Monday, July 30, 2007

Ingmar Bergman

UPDATE: Wow, we've lost two major filmmakers in less than 24 hours. Liam just informed me that Michelangelo Antonioni died last night in Rome at the age of 94.

If I'm Jean-Luc Godard, I'm getting out my rosary.

And though he wasn't a world-renowned filmmaker, Bill Walsh was one of the greatest football coaches of the modern era, leading the San Francisco 49ers to 3 Super Bowl victories. He died yesterday as well, after a long battle with lukemia.

I feel like I'm suddenly running an obiturary blog.

UPDATE 2: Yes, Steve, Tom Snyder also died - but on Sunday, July 29, not the more fashionable date of Monday, July 30.

If anyone knows of other famous or not so famous people who died yesterday - or Sunday - or this morning - please let me know. Unfortunately, I checked and is already taken. I'll have to consider another name for the new obit blog.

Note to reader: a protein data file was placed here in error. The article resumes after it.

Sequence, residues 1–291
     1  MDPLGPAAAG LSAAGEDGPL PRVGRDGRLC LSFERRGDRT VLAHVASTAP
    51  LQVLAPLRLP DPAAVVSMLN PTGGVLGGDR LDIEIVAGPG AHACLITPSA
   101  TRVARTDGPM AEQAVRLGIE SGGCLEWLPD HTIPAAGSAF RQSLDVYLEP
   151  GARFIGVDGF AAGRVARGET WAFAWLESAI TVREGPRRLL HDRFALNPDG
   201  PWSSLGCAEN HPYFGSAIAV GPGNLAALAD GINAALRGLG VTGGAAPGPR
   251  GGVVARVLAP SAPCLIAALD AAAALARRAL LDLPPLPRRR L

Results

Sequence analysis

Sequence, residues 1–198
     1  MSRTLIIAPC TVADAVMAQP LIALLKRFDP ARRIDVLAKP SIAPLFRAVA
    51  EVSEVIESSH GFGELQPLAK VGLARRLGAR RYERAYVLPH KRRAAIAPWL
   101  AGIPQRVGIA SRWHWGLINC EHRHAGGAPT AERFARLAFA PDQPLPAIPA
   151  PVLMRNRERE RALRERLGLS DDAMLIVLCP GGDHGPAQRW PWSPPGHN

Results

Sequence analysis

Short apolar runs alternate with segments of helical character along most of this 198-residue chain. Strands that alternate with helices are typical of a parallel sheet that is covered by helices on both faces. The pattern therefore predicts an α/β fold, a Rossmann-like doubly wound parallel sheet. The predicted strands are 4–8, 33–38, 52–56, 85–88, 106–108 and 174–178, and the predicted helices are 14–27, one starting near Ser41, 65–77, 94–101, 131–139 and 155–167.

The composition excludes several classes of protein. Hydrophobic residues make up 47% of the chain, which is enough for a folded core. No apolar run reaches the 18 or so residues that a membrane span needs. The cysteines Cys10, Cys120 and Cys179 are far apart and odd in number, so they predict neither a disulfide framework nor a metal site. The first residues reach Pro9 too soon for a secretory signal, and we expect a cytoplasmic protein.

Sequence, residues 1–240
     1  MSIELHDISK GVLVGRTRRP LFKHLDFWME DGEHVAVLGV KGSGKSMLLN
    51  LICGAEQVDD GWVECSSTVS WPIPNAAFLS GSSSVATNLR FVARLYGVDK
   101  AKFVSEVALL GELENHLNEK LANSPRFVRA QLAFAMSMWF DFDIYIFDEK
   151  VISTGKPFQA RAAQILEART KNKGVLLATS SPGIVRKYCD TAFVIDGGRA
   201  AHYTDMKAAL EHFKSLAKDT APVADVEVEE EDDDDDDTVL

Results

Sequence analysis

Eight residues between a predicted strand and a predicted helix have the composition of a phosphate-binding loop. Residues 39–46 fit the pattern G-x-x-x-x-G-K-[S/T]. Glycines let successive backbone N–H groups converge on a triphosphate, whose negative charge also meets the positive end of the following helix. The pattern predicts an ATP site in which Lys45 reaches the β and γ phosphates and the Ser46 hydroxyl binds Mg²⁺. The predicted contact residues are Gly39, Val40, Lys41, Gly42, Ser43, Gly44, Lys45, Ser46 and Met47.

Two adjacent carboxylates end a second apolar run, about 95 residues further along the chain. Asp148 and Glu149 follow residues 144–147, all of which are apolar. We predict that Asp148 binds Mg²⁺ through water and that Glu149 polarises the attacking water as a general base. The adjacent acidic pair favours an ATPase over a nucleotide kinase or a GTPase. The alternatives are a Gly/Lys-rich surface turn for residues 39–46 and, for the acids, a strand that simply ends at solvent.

I'm reminded of other dates in history when several famous people passed away: November 22, 1963, for example, when John F. Kennedy, C.S. Lewis and Aldous Huxley all died. And the Big One in the literary world: April 23, 1616, when both Shakespeare AND Cervantes stopped writing for good.

UPDATE 3: It's been confirmed - Andrei Tarkovsky and Alfred Hitchcock have apparently died as well. I'm not sure if that happened Sunday, Monday or sometime earlier. (Strange, I recently sat through one of Tarkovsky's films and I could've sworn it went on forever. But evidently, he was forced to stop directing the movie at some point.)

I'm also getting word that Ernst Lubitsch and Billy Wilder are not doing well. More on that story as it develops.

UPDATE 4: Michel Serrault, French actor (Diabolique, Joyeux Noël, La Cage aux Folles, Nelly & Monsieur Arnaud), is dead. He passed away of cancer on Sunday, July 29, 2007.